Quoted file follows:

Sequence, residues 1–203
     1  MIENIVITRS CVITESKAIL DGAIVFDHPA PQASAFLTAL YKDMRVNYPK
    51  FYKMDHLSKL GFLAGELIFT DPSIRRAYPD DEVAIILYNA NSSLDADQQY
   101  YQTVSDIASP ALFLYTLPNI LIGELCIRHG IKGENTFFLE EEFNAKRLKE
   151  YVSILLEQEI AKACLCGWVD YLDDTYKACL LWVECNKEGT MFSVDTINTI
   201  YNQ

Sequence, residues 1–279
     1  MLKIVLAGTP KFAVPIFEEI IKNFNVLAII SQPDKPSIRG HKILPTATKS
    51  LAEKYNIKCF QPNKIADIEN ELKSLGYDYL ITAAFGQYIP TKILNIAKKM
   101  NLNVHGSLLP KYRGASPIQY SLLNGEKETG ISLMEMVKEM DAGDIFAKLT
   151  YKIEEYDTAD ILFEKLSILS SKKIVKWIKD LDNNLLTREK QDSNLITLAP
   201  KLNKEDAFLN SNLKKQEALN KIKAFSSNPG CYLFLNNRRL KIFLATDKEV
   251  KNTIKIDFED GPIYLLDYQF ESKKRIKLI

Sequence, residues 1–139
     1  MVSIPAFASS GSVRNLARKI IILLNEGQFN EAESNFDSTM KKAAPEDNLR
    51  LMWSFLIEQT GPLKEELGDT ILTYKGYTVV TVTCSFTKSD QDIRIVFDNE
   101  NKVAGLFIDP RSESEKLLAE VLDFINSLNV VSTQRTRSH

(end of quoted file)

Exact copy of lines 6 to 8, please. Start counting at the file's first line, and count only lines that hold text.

   201  YNQ

Sequence, residues 1–279
     1  MLKIVLAGTP KFAVPIFEEI IKNFNVLAII SQPDKPSIRG HKILPTATKS